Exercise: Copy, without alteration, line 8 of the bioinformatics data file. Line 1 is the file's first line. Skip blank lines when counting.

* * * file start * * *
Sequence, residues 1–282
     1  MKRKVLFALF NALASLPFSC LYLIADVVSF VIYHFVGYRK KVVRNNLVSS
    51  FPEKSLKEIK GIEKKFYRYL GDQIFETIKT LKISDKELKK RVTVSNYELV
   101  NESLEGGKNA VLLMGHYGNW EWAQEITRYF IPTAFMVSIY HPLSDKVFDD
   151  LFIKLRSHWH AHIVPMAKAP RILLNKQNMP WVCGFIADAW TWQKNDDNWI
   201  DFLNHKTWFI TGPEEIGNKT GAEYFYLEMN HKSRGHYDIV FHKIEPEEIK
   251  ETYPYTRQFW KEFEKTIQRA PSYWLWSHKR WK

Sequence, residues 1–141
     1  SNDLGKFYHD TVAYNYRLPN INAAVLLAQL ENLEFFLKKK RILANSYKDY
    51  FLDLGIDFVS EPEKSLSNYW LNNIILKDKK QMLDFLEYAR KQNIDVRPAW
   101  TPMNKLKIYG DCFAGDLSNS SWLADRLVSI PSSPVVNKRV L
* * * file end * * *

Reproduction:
Sequence, residues 1–141